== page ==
D-. . . . . . . . . . . . . . . . . 70–71
F. . . . . . . . . . . . . . . . . . 69 and below
Grade points are awarded according to the following scale:
|A = 4
A- = 3.7
B+ = 3.3
B = 3
B- = 2.7
C+ = 2.3
C = 2
C- = 1.7
D+ = 1.3
D = 1
D- = 0.7
F = 0
WF = 0
I = Not counted until changed
The grading symbols W and WP do not affect grade point averages and the courses for which they are assigned do not count in computing credit hours attempted.
A failing grade (F or WF) is never removed from the student’s transcript. Any student who receives a grade of C or below may retake the course. However, when the course is repeated, the second grade is recorded in such a manner as to delete any negative effect of the failing grade (F or WF) when computing grade points.
Projects may at times be substituted for essays. Also, a supervised examination may at times be prescribed at the conclusion of each course in addition to a final comprehensive examination in the student’s own environment, provided an acceptable supervisor is available.
Students completing degrees at other institutions may apply as non-matriculated students and take FRBI courses pending completion of the degree from those other institutions.
Upon receipt of official transcripts and verification of graduation, the applicant may matriculate into a FRBI degree program and receive credit for all previous work completed as long as the courses meet FRBI academic standards. For transfer, the fields of study must be theological in nature and match the courses that are part of FRBI’s catalog.
Incomplete Policy Statement
FRBI makes allowances, as an exception, for students to take an incomplete grade in one quarter and complete that work at a later point. The policy of FRBI on this issue is as follows: At the discretion of, and with the approval of, the professor, a student may take an incomplete grade in a given quarter for a failure to complete course requirements. The balance of the class requirements must be completed by the end of the subsequent quarter. Failure to complete class requirements by the end of the subsequent will result in a fail grade if inadequate requirements are met. The student will need to retake that course and pay tuition costs a second time. A partial completion of outstanding requirements may result in a passing grade.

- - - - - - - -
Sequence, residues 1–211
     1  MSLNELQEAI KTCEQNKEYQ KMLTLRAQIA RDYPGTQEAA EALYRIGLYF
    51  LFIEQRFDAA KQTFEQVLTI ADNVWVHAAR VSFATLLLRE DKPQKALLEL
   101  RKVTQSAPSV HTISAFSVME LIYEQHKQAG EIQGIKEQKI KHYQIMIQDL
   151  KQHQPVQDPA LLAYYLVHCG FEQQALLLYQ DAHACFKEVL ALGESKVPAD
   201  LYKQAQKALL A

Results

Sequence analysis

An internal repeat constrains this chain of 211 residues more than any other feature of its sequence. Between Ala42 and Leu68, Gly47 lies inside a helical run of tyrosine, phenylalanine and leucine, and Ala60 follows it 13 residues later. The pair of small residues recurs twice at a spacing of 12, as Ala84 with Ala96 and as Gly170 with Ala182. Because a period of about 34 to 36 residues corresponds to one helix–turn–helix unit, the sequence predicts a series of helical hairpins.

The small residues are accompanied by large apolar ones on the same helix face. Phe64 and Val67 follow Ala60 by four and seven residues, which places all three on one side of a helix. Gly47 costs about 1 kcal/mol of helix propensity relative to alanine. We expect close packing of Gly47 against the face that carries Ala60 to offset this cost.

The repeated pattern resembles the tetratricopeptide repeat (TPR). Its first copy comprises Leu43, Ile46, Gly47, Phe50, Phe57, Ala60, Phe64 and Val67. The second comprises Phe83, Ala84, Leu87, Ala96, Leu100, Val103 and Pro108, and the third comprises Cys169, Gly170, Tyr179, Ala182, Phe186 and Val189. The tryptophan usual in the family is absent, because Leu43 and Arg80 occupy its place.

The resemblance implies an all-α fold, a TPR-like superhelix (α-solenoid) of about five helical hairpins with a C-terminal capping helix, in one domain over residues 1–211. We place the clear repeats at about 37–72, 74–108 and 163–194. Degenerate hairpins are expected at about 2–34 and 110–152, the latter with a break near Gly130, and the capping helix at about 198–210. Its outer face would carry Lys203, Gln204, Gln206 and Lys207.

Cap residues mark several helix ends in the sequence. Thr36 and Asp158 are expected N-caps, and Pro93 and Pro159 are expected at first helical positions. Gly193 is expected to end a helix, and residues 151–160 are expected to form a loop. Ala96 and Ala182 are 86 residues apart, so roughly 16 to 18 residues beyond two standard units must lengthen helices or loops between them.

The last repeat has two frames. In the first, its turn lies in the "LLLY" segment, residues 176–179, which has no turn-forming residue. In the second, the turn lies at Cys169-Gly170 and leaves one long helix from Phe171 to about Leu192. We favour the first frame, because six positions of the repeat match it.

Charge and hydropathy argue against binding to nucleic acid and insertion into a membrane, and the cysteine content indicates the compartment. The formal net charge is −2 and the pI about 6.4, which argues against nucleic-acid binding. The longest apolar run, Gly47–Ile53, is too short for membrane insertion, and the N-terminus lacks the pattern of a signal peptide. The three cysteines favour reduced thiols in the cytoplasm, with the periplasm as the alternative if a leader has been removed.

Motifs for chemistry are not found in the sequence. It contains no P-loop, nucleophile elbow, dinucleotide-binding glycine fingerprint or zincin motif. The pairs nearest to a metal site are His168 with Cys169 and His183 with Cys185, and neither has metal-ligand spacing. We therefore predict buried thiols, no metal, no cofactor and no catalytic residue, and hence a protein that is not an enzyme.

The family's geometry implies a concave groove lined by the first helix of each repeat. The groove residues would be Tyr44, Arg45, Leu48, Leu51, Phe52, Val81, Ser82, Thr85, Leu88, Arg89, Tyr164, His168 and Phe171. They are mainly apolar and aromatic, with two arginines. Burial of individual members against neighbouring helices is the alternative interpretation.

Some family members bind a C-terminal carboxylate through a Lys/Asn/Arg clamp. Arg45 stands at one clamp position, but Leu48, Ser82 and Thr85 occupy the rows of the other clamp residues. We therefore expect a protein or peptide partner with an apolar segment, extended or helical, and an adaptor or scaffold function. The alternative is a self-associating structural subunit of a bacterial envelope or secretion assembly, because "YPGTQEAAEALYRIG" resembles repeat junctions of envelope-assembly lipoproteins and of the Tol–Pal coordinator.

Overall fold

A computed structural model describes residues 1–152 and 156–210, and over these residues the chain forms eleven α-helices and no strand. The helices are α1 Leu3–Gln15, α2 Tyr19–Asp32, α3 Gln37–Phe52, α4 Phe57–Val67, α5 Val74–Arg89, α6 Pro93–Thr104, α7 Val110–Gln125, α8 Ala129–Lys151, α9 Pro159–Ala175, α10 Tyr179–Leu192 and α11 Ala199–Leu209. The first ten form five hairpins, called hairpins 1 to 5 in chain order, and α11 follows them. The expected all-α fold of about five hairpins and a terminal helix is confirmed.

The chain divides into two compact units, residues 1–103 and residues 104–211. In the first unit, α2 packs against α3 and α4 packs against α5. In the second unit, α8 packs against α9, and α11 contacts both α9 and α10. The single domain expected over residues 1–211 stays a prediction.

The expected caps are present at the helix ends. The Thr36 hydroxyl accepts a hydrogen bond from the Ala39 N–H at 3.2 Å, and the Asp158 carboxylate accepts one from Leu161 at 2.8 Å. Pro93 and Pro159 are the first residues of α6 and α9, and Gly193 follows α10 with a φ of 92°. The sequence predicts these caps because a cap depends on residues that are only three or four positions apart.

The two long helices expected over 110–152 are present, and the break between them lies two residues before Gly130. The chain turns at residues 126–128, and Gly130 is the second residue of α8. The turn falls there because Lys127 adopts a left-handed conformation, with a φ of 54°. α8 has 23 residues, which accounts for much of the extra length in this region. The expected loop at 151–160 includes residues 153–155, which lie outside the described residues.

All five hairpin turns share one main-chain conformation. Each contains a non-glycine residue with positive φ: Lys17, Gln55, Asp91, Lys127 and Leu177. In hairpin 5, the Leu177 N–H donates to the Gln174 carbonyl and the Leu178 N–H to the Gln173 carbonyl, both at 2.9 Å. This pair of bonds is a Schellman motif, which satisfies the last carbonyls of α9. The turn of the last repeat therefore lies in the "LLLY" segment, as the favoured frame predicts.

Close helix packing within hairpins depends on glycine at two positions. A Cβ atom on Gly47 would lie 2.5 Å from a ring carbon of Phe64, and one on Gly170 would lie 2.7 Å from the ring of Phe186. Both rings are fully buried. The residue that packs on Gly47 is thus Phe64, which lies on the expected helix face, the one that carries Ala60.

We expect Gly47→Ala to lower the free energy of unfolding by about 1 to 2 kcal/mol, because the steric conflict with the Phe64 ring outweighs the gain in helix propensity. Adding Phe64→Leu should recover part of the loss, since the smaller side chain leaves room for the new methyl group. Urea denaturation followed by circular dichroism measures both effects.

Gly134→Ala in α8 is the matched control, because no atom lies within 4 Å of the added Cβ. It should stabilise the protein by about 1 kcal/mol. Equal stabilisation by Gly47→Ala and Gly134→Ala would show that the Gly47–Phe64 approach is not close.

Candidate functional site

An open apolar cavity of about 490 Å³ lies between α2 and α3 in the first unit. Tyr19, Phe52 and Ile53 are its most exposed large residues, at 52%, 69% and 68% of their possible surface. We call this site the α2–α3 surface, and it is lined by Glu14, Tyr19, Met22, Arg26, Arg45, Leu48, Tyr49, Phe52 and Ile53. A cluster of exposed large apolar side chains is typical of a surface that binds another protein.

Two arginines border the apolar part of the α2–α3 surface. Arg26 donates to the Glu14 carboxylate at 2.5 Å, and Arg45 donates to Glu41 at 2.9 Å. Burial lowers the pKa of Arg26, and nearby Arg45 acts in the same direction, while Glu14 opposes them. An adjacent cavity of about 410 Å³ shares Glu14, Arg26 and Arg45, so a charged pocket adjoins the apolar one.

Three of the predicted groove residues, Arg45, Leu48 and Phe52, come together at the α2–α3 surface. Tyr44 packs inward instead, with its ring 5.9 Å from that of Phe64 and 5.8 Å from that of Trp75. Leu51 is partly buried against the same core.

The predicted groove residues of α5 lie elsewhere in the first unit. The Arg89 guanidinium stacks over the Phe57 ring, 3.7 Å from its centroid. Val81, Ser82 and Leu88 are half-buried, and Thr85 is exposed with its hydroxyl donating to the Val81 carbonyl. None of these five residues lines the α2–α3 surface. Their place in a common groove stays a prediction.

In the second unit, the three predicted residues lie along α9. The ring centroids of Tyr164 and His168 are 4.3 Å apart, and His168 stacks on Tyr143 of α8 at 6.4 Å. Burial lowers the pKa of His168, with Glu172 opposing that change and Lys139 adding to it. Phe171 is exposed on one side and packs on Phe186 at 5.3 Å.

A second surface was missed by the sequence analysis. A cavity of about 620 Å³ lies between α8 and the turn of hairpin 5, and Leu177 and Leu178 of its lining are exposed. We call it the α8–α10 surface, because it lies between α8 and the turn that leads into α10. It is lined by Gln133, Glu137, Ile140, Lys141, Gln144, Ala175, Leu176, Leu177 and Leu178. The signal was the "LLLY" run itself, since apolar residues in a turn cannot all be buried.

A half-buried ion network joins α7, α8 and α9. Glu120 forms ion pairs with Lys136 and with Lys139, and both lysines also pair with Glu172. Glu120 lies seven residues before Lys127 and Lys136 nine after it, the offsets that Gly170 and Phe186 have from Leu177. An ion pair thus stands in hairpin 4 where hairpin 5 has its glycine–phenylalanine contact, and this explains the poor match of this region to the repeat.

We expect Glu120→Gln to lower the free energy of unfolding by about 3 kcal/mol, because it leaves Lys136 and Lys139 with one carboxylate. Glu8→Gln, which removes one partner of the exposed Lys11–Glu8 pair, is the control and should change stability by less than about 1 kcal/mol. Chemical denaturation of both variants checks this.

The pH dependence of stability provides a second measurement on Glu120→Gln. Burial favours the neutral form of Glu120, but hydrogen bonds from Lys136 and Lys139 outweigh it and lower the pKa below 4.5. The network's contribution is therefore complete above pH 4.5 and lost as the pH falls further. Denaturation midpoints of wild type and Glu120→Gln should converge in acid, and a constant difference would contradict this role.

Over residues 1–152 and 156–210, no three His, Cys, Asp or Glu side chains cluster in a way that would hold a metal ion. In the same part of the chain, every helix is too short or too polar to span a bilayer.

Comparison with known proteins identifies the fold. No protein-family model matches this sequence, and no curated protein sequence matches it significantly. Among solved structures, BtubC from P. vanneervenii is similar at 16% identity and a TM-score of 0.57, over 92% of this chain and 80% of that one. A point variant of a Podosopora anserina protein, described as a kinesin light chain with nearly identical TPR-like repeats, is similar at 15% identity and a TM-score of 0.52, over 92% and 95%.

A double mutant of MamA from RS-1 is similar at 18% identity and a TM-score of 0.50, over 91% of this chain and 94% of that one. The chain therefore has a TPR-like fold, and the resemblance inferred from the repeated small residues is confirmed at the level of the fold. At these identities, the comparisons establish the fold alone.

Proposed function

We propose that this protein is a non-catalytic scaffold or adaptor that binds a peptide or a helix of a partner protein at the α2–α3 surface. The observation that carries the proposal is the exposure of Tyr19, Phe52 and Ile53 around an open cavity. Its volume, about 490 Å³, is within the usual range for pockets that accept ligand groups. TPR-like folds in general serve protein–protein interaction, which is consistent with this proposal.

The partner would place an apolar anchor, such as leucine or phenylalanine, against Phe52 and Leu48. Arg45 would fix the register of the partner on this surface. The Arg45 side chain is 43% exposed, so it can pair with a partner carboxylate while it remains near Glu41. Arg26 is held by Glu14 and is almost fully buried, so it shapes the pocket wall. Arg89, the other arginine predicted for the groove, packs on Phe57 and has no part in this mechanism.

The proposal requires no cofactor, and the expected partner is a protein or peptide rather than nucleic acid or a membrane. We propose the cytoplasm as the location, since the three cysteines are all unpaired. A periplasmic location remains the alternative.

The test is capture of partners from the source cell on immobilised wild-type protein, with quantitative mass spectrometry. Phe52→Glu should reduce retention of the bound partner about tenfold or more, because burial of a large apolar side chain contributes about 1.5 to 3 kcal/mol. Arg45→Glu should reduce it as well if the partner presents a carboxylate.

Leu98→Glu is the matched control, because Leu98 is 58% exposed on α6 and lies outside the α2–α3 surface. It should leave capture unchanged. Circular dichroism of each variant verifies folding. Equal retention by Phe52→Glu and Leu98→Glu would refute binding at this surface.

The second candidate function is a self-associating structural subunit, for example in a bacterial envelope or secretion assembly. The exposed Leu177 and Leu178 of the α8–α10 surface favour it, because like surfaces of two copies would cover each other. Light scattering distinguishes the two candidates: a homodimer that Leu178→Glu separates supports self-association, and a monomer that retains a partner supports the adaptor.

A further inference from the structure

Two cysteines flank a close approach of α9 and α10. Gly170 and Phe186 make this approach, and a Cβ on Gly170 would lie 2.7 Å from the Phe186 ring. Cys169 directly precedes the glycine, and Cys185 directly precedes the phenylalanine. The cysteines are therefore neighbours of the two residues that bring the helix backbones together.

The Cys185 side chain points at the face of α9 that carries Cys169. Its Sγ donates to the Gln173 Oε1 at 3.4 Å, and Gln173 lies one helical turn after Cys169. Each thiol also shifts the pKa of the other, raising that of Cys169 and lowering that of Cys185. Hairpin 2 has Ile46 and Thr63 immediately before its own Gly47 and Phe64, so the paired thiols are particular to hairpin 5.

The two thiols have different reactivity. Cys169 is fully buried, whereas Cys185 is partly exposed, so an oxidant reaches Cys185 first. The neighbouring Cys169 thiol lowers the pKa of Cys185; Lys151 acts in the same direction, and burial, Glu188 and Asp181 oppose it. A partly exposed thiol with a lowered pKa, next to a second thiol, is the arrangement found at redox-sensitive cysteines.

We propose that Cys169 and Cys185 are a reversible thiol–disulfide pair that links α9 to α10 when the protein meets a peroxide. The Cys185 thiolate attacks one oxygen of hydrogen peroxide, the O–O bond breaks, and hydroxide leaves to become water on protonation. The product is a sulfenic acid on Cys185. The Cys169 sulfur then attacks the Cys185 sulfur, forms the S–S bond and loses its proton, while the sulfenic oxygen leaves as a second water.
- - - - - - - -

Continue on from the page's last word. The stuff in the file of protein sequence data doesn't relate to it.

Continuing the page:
FRBI expects academic integrity from its faculty, staff and students. Plagiarism, falsifying information and dishonesty all mar the character and purpose of theological education.
Plagiarism is defined as taking and using “as one’s own the writings or ideas of another.” Plagiarism includes:
Failure to use quotation marks or other conventional markings around material quoted from another source;
Paraphrasing a specific passage from a source without indicating accurately that source;
Allowing another person to compose or rewrite a student’s written assignment.
False Information includes:
Submitting another’s work as one’s own;
Providing false or misleading documentation.
In the midst of an examination, academic dishonesty shall include referring to written information not specifically condoned by the instructor or syllabus. It shall further include receiving written or oral information from a fellow student or proctor.
Academic dishonesty shall include stealing, buying, selling, or transmitting a copy or any portion of any examination.
Any student proven to have committed any of the above will receive an “F” for the course and will receive an academic warning. If the student is proven to have been guilty a second time, he or she will be dismissed.
Transfer of Credits
Students requesting transfer of credits from previous academic work into FRBI degree programs must do so by having official transcripts sent to FRBI. The only courses that may be transferred are those that are biblical/theological in nature and which also match up with courses offered in the FRBI catalog. The final year of any degree course (30 credit hours) must be completed through FRBI except where special arrangements have been made with the Academic Dean.
Continuing Education Recognition through ACSI
Students who teach in Christian schools that work under ACSI may apply studies under FRBI toward continuing education requirements through ACSI.